The Intel Corporation logo is seen on a display in a store in Manhattan, New York City, November 24, 2021. REUTERS/Andrew Kelly
WASHINGTON/SAN FRANCISCO, Jan 21 (Reuters) - Intel Corp said on Friday it would invest up to $100 billion to build potentially the world's largest chip-making complex in Ohio, as it looks to boost capacity amid a global shortage of semiconductors used in everything from smartphones to cars.
The move is part of Chief Executive Officer Pat Gelsinger's strategy to restore Intel's dominance in chip making and reduce America's reliance on Asian manufacturing hubs, which have a tight hold on the market.
An initial $20 billion investment - the largest in Ohio's history - on a 1,000-acre site in New Albany will generate 3,000 jobs, Gelsinger said. That could grow to $100 billion with eight total fabrication plants and is the largest investment in Ohio's history, he told Reuters.
Dubbed the silicon heartland, it could become "the largest semiconductor manufacturing location on the planet," he said.
While chipmakers are scrambling to boost output, Intel's plans for new factories will not alleviate the current supply crunch, because such complexes take years to build.
Gelsinger reiterated on Friday he expected the chip shortages to persist into 2023.
To dramatically increase chip production in the United States, the Biden administration aims to persuade Congress to approve $52 billion in subsidy funding. read more
U.S. House Speaker Nancy Pelosi said on Friday the House of Representatives would soon introduce a bill on competitiveness to help bolster semiconductor investment and supply chains. That would include the $52 billion funding.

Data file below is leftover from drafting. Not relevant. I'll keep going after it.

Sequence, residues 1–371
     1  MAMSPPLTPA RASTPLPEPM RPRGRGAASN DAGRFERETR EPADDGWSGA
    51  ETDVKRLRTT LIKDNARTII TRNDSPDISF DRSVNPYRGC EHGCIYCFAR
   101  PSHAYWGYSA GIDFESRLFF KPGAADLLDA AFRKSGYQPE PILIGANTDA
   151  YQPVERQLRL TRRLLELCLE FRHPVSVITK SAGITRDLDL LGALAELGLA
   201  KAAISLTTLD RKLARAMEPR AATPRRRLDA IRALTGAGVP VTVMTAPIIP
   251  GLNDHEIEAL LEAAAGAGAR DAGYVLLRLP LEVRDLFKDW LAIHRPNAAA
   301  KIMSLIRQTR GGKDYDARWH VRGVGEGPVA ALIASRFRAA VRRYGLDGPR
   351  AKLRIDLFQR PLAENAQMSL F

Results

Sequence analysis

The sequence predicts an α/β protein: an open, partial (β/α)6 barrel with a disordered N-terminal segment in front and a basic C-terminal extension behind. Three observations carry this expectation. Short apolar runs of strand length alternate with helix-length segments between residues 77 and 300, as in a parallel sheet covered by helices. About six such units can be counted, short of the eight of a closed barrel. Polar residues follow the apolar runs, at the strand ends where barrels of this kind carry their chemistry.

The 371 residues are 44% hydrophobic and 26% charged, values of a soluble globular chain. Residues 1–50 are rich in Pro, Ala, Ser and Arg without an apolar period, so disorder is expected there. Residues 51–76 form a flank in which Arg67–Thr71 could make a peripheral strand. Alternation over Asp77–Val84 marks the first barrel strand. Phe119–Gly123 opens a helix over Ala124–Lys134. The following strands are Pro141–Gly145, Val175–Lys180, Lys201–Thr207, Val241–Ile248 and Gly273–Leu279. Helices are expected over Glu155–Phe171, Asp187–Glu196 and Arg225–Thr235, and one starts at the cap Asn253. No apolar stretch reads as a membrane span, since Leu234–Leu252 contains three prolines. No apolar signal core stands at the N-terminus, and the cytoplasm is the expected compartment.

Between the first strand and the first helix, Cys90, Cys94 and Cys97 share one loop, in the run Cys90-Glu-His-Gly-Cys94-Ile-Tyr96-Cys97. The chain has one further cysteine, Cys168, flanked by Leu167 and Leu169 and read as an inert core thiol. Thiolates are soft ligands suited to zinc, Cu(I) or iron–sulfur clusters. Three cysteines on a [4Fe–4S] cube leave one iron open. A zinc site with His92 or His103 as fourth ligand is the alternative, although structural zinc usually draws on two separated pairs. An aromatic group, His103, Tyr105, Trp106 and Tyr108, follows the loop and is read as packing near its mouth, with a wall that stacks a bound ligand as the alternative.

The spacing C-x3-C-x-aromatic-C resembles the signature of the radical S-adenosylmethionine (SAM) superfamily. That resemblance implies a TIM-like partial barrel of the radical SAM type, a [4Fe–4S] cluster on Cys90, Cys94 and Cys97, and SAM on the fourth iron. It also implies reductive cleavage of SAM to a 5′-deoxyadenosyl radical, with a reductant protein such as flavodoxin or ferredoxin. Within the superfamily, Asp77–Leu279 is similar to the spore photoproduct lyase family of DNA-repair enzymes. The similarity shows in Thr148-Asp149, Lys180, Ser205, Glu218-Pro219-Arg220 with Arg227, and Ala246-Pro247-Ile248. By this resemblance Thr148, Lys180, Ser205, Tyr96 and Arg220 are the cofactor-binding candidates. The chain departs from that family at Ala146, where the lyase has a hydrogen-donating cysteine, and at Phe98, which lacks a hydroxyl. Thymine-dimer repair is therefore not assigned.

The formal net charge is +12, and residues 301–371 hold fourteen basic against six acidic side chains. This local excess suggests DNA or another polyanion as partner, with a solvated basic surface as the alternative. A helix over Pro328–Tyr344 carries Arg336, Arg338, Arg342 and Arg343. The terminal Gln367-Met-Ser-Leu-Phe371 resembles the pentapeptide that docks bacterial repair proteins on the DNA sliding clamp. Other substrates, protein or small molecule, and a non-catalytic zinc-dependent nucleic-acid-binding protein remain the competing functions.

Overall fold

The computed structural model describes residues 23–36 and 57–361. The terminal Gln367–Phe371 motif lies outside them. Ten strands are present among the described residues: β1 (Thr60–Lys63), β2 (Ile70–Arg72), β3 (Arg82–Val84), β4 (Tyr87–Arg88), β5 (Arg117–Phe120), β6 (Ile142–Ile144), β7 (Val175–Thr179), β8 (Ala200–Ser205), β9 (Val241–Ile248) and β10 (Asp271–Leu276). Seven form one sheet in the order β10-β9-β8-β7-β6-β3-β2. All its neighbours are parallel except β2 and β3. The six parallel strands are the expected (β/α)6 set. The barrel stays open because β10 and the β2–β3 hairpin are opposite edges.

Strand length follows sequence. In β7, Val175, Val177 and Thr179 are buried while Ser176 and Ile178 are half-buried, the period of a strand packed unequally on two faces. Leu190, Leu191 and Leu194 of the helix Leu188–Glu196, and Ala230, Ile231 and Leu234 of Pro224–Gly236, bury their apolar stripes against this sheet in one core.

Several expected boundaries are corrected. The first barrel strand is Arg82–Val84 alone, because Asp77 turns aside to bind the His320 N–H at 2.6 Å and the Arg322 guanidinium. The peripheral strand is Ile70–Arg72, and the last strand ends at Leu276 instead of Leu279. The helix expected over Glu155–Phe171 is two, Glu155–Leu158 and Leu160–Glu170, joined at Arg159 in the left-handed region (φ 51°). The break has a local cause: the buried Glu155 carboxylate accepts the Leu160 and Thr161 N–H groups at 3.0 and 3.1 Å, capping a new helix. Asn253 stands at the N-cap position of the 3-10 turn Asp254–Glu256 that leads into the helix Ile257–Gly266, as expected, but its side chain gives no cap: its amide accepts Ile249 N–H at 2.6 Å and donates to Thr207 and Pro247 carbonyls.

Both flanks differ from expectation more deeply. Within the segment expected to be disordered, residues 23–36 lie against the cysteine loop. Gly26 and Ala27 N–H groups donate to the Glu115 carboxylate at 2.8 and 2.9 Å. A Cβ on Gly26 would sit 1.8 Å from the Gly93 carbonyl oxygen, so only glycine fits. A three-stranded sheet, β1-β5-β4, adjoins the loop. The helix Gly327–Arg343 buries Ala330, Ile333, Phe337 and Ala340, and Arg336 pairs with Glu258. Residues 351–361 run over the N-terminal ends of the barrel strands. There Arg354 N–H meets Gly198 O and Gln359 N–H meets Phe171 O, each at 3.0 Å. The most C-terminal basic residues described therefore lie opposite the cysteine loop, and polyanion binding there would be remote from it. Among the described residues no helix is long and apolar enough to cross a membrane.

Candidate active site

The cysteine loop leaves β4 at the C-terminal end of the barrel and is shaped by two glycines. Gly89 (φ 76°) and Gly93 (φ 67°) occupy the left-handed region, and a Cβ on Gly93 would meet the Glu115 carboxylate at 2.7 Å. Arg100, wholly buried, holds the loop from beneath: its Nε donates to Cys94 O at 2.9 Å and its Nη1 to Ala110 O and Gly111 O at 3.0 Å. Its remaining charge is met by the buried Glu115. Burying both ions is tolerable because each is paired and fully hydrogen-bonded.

U.S. President Joe Biden touted Intel's investment on Friday at a White House event with Gelsinger and again made the case for congressional action.
"China is doing everything it can to take over the global market so they can try to out compete the rest of us," Biden said.
U.S. Commerce Secretary Gina Raimondo said at the event the current semiconductor supply chain is "far too dependent on conditions and countries halfway around the world."
Gelsinger said without government funding "we're still going to start the Ohio site. It's just not going to happen as fast and it's not going to grow as big as quickly."
THE CHIP FEAST AND FAMINE
Intel ceded the No. 1 semiconductor vendor spot to Samsung Electronics Co Ltd (005930.KS) in 2021, dropping to second with growth of just 0.5%, the lowest rate in the top 25, data from Gartner showed.
As part of its turnaround plan to become a major manufacturer of chips for outside customers, Intel broke ground on two factories in Arizona in September. The $20 billion plants will bring the total number of Intel factories at its campus in the Phoenix suburb of Chandler to six. read more
Gelsinger told Reuters he still hoped to announce another major manufacturing site in Europe in coming months.
It is not just Intel ramping up investments. Rivals Samsung Electronics and Taiwan Semiconductor Manufacturing Co or TSMC also have announced big investment plans in the U.S. And that's raising questions about a glut in chips going forward.
"We still have years in front of us before we're even having a semblance of supply demand balance," said Gelsinger. "Ask yourself what portion of your life is not becoming more digital."
"Yes, the industry is growing, and maybe the metaverse solves world hunger for the semiconductor industry. But there is a big bubble coming," said Alan Priestley, an analyst at Gartner.
Intel's Ohio investment is expected to attract partners and suppliers. Air Products (APD.N), Applied Materials (AMAT.O), LAM Research (LRCX.O) and Ultra Clean Technology have shown interest in establishing a presence in the region, Intel said.
Construction of the first two factories is expected to begin late in 2022 and production in 2025.